Lawyers for VictoryLand were surprised by a citation in a motion to vacate an injunction that had halted raids by the governor's task force at the Macon County facility. The citation was to a case styled Surles v. Ashland, and that was curious because the decision in Surles had not been released at the time the task force's motion was filed.
The episode suggests that someone at the Alabama Supreme Court was working in conjunction with the governor's office. This would not be the first time we've seen reports about possible improper communications between Riley's office and the Supreme Court. It also is not the first time we've seen signs that Alabama's highest court is fully capable of acting in a corrupt fashion.
Bob Martin, editor and publisher of the Independent, says the task force motion was time stamped at 1:55:15 on January 29. The Surles decision was not released until 2:04 on January 29. Writes Martin:
According to Supreme Court Rules and policies no one, including attorneys in a case are permitted to see or be told the details of a decision other than the justices and the court staff. Although attorneys for both sides are notified the result of a case two hours prior to its release, they are not told the details and lawyers with whom I talked said it would take clairvoyant skills for a lawyer to be confident enough to cite a case by only having knowledge about which side won or lost.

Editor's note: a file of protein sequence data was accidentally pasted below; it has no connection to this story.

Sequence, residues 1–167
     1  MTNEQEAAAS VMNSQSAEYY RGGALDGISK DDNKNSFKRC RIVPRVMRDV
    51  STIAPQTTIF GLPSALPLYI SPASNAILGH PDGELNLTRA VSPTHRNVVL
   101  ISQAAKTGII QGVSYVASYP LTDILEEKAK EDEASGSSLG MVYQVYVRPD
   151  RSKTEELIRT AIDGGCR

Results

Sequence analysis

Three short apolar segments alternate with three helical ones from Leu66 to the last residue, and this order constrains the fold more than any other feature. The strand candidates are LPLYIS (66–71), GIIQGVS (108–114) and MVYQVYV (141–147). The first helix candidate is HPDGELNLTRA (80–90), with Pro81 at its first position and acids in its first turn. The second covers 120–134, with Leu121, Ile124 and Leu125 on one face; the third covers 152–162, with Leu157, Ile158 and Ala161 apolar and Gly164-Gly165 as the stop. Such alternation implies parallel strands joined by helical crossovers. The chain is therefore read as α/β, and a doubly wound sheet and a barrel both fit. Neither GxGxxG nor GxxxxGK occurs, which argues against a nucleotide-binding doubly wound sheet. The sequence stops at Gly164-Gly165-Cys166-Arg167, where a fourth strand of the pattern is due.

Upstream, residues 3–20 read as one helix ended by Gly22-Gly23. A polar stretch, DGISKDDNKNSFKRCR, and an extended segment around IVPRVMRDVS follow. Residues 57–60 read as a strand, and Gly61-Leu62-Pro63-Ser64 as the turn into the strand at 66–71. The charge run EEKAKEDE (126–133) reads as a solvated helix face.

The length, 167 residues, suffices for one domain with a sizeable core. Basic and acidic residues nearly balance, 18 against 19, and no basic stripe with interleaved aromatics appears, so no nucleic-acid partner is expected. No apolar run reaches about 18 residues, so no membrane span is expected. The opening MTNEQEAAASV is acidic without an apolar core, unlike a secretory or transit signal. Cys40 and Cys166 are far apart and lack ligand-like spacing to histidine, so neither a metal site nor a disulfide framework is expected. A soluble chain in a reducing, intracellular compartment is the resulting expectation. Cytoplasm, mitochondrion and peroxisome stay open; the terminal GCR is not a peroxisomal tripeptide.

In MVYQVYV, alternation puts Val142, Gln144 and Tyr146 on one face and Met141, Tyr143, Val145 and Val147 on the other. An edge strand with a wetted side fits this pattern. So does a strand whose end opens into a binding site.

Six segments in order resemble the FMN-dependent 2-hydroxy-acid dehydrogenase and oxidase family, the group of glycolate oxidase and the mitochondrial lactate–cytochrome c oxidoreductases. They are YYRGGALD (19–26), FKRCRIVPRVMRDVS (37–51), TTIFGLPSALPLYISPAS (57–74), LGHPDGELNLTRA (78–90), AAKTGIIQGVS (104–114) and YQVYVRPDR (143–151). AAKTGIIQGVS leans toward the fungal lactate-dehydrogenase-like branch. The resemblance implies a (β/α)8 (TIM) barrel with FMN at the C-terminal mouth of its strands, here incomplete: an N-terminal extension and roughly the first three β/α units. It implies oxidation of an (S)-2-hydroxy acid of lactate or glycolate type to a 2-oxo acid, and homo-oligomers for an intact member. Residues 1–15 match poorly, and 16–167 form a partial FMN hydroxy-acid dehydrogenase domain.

Martin noted previous signs of apparent collusion between the governor's office and the high court:
This is not the first time in the governor's bingo war that someone at the court has been accused of making an improper exparte communication with Riley or his lawyers.
A previous matter involved a judge assignment in a case brought by the governor and his task force on gambling against an electronic bingo operation at White Hall in Lowndes County.
Chief Justice Cobb had appointed Jefferson County Circuit Judge Robert Vance to take the case primarily because he was already handling a similar matter in Walker County.
Last August this newspaper received information that on or about July 29, 2009, the governor, a party to the lawsuit, placed a telephone call to one or more of the justices, urging them to overrule Cobb and remove Vance from the case.
The information we received was that the phone call was while the governor was in Washington and that one of the lawyers hired to advise his gambling task force, may have been with the governor at the time.
A communication with a judge in a case by a party or a lawyer for one side without the lawyers representing other parties being present violates all kinds of judicial ethics rules and laws.
That is alarming, and so is the fact that the governor always seems to prevail on gambling issues before the Alabama Supreme Court. Consider the case styled John M. Tyson, Jr. v. Macon County Greyhound Park, Inc., d/b/a VictoryLand, which was released on February 4. The majority in that case found that Macon Circuit Court does not have subject-matter jurisdiction over an action seeking to enjoin the enforcement of criminal laws of the State of Alabama. That decision opened the door for future raids at VictoryLand.
But a dissent authored by Justice Thomas A. Woodall, and joined by Chief Justice Sue Bell Cobb, makes clear that the decision in Tyson conflicts with a number of previous appellate rulings. Writes Woodall: